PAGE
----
Questions need to asked about nature of Algerian migrancy to Ireland

A number of recent unfortunate events have highlighted the issue of Algerians claiming asylum in Ireland who then appear before the courts involved in violent incidents or tragic deaths.  Much of the news reportage appears to be happy to emphasise, or play down, the status of the person or persons involved depending on the circumstances.  

Some Algerians are described as “fleeing” their own country for the safety of Ireland, while others simply become an “Algerian national,” even though in the case of Mohamed Akrouf, the person who was arrested for stabbing somebody on Grafton Street in Dublin on Sunday morning, he is a man who had arrived into the state in November to claim international protection. By definition, then, he is an “asylum seeker.” 

Another Algerian asylum seeker, Lokman Benharkou, living in accommodation in Dundalk, was charged earlier this month for allegedly carrying out an “extremely violent” attack on two women in the town as well as inflicting very serious injuries on another man who tried to intervene, stomping “on his head a number of times, knocking him unconscious and causing serious facial injuries.” 

Benharkou, who came to Ireland claiming asylum 11 months ago, had previously lived for 11 years in the UK. 

Like Akrout, he came here from a country where there are no wars or other conflicts, nor other internationally recognised crises that justify large numbers of people claiming asylum. 

Some argue that seeking work – or a ‘better life’ – is a justifiable reason for their arrival in Ireland, but as the data below shows, only a tiny number of Algerians – 1% of those arriving in 2023 – actually have work permits issued. 

According to international statistics, 9,909 Algerians applied for asylum around the world in 2022. And as the table below shows, the Irish state received more of those applications than any other country on the planet. 


Refugees from Algeria: Figures and development (

This is despite the fact that, other than slave raids such as that on Baltimore in Cork in the 17th century, Ireland has absolutely no notable historical or cultural or even economic links with Algeria, nor is Ireland a geographically obvious nor convenient location for anyone travelling from Algeria.

Not only that, but the Irish state received more applications for asylum than France, which is the former colonial power in Algeria and is therefore home to hundreds of thousands of Algerians and persons of Algerian descent.

At 11.5%,  Ireland’s acceptance rate  is ahead of most other European states, again including France.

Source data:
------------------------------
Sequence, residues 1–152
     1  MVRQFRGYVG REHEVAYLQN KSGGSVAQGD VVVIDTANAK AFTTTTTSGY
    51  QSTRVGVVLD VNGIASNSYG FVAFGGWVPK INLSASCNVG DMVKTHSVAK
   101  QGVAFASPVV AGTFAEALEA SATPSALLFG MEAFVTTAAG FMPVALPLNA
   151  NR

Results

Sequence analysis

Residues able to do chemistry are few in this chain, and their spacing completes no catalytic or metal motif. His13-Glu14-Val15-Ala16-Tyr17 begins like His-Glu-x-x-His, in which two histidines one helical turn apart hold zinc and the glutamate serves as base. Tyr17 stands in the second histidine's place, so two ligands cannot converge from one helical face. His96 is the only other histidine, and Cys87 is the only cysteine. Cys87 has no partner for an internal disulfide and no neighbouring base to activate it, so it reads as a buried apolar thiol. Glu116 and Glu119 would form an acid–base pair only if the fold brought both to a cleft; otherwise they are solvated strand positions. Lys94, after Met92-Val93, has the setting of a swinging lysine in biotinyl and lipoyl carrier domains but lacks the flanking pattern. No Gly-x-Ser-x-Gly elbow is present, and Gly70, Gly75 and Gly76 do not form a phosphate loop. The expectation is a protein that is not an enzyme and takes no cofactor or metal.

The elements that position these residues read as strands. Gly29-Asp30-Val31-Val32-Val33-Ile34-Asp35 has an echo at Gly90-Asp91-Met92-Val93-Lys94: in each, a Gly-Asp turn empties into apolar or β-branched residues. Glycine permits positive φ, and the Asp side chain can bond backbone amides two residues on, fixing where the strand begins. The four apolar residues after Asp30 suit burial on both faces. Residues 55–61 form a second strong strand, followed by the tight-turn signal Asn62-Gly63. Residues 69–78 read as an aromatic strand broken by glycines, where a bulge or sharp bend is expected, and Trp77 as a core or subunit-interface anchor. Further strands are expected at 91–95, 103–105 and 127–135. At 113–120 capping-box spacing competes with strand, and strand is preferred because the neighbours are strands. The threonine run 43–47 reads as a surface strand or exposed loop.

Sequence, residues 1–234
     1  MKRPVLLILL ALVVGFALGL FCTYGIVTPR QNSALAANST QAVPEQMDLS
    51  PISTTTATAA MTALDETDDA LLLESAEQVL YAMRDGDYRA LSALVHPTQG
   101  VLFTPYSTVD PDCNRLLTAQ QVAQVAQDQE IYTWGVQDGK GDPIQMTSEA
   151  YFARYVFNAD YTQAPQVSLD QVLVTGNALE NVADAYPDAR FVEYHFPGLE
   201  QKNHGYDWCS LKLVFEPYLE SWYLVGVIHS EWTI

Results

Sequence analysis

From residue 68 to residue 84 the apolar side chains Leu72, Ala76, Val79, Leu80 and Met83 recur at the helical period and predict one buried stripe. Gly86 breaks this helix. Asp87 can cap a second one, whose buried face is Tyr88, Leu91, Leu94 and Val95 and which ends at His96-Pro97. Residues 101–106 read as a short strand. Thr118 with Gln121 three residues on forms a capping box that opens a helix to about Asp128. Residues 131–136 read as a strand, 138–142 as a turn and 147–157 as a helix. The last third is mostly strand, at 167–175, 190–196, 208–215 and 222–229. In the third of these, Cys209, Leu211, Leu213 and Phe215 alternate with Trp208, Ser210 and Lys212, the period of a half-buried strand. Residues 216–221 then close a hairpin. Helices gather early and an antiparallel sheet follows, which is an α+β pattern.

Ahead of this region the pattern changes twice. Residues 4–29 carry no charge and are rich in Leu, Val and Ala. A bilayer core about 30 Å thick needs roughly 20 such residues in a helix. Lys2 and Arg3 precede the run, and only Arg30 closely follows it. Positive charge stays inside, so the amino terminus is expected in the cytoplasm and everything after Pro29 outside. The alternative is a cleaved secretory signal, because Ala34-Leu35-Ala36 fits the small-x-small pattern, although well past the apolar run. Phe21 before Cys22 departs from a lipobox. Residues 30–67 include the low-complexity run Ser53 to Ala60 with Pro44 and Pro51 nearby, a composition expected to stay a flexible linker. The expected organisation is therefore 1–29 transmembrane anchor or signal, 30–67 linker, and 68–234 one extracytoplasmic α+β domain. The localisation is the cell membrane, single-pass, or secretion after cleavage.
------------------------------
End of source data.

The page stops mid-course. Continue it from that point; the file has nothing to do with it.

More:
Official statistics, from the International Protection Office here, show that Algerians have now displaced asylum seekers from another safe country, Georgia, at the head of the list of nationalities claiming protection here.



20230810 IPO Monthly Website Stats July 2023 FINAL 02 (002).pdf


There has been a significant increase of almost 100 to the end of July in the numbers of Algerians who have arrived to claim asylum here, and that has contributed to an increase in the numbers of Algerians who are now accommodated by the International Protection Accommodation Services (IPAS.) 

At the end of the first week in August there were 2,726 Algerians under the care of IPAS, the third highest numbers after people from the similarly safe countries of Georgia and Nigeria. 

267026_ea670c64-d91f-426f-8de3-d12f87c66ddd (1).pdf


That has led to an increase in the numbers of Algerians who have been issued with PPS numbers to the end of June this year. So far, 1,152 Algerians have been issued with PPS numbers. That is almost three times the 448 who were issued with PPS numbers in the same period last year, and is obviously going to overtake the 1,488 who were issued with a PPS number for the whole of 2022.

Some defenders of this internationally statistically aberrant level of asylum seeking from Algeria – if challenged regarding the absence of human rights issues justify their arrival – will claim that, well, they are really desperate people who are coming here to work.



In fact, as with other national and ethnic groups that have brought themselves to attention for mostly the wrong reasons, that does not really hold up. 

Anyone who wishes to work in Ireland can apply to do so with a whole wide range of employers who are part of the work permits system.  

There is nothing to prevent anyone from Algeria doing so and yet, the statistics available so far for 2023 show that just 11 people from Algeria were issued with work permits in Ireland.  

This in the same time period, more or less, in which 916 people from Algeria claimed asylum, and in which over 1,100 Algerians were issued with new PPS numbers. 

In fact, less than 1% of the PPS numbers given to Algerians for 2023 so far, went to people who got a job here.  So, whatever the main motivation for Algerians coming to Ireland, grafting is clearly not among them. 

Compare that to Algeria’s neighbour Tunisia which has a very similar history and current political and other environment, and from where a statistically insignificant number of asylum seekers arrive in Ireland. In 2022, there were actually more refugees globally from Tunisia than there were from Algeria. Ireland is not recorded as having received even one such application. There are just 88 Tunisians in IPAS accommodation. 

In stark contrast, in 2022, 94 Tunisians were issued with a work permit here, compared to 35 permits issued to Algerians.  Tunisians are, therefore in the greater part proven to be legitimate migrants. The same cannot be said regarding most Algerians.   

But they are still enabled to remain here in large numbers through an inept migrancy system that encourages such opportunism and, as we discussed yesterday, fails to deal with it even when detected to be criminally motivated.


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